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Neutralizing Antibody Responses to Homologous and Heterologous H1 and H3 Influenza A Strains after Vaccination with Inactivated Trivalent Influenza Vaccine Vary with Age and Prior Year Vaccination.

08:00 EDT 25th September 2018 | BioPortfolio

Summary of "Neutralizing Antibody Responses to Homologous and Heterologous H1 and H3 Influenza A Strains after Vaccination with Inactivated Trivalent Influenza Vaccine Vary with Age and Prior Year Vaccination."

Prior influenza immunity influences homologous neutralizing antibody responses elicited by inactivated influenza vaccines (IIV), but neutralizing antibody responses to heterologous strains have not been extensively characterized.

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This article was published in the following journal.

Name: Clinical infectious diseases : an official publication of the Infectious Diseases Society of America
ISSN: 1537-6591
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Medical and Biotech [MESH] Definitions

Vaccines used to prevent infection by viruses in the family ORTHOMYXOVIRIDAE. It includes both killed or attenuated vaccines. The composition of the vaccines is changed each year in response to antigenic shifts and changes in prevalence of influenza virus strains. The vaccine is usually bivalent or trivalent, containing one or two INFLUENZAVIRUS A strains and one INFLUENZAVIRUS B strain.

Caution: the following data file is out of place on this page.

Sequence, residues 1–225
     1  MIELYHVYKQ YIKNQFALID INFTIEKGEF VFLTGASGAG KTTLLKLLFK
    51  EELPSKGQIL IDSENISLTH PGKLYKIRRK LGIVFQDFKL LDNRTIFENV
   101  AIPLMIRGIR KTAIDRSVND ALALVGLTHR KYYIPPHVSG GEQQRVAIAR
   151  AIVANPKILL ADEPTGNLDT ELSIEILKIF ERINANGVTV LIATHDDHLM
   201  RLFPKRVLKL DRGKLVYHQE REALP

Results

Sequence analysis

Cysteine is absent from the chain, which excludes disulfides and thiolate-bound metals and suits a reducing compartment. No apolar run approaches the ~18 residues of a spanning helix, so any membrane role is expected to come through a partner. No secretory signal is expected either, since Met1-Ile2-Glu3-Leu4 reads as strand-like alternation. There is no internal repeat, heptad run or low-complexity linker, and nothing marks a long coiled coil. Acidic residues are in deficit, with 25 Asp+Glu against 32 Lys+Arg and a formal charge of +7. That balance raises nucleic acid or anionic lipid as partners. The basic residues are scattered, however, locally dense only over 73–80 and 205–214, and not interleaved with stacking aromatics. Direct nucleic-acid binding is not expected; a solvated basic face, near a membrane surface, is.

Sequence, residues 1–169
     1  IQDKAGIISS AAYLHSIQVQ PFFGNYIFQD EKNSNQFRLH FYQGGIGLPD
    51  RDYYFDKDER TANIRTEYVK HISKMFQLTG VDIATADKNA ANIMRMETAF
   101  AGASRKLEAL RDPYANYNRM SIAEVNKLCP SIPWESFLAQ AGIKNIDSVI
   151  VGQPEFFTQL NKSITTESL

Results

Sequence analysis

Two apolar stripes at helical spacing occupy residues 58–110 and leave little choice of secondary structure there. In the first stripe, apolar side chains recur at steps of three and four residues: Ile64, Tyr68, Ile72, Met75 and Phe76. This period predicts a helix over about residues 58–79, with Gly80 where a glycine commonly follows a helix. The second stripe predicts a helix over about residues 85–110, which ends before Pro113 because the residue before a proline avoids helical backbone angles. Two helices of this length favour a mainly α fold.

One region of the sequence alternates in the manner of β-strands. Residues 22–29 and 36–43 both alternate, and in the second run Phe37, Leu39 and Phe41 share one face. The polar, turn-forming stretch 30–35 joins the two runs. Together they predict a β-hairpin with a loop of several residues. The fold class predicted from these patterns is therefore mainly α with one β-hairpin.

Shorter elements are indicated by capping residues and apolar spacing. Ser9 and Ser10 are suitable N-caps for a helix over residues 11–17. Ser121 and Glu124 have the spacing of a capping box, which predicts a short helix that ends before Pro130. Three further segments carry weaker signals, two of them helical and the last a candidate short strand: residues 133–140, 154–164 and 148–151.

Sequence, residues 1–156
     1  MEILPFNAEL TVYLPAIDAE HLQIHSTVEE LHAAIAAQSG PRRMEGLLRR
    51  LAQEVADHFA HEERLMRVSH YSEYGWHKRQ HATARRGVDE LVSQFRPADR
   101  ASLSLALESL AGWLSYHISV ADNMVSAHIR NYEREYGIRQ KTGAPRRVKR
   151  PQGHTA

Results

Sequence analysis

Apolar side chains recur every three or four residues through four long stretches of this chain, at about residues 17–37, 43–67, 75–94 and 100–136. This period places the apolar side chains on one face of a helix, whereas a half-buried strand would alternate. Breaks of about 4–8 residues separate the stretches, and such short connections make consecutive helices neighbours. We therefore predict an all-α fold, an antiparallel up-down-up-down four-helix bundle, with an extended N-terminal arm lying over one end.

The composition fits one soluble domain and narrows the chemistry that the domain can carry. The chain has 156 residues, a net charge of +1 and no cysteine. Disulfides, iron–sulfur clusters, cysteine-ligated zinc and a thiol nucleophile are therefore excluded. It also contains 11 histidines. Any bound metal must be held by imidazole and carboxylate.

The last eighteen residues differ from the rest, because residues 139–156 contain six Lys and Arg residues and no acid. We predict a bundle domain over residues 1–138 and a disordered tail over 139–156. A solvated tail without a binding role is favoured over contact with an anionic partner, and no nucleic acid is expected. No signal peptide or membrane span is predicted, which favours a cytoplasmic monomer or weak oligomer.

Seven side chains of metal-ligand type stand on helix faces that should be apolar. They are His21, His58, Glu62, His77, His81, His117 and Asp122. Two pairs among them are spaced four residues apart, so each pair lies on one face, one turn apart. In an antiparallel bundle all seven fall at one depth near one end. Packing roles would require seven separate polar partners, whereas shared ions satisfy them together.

A genus in the family ORTHOMYXOVIRIDAE causing influenza and other diseases in humans and animals. It contains many strains as well as antigenic subtypes of the integral membrane proteins hemagglutinin (HEMAGGLUTININS) and NEURAMINIDASE. The type species is INFLUENZA A VIRUS.

Diffusible gene products that act on homologous or heterologous molecules of viral or cellular DNA to regulate the expression of proteins.

Transplantation of tissue typical of one area to a different recipient site. The tissue may be autologous, heterologous, or homologous.

The type species of the genus INFLUENZAVIRUS A that causes influenza and other diseases in humans and animals. Antigenic variation occurs frequently between strains, allowing classification into subtypes and variants. Transmission is usually by aerosol (human and most non-aquatic hosts) or waterborne (ducks). Infected birds shed the virus in their saliva, nasal secretions, and feces.

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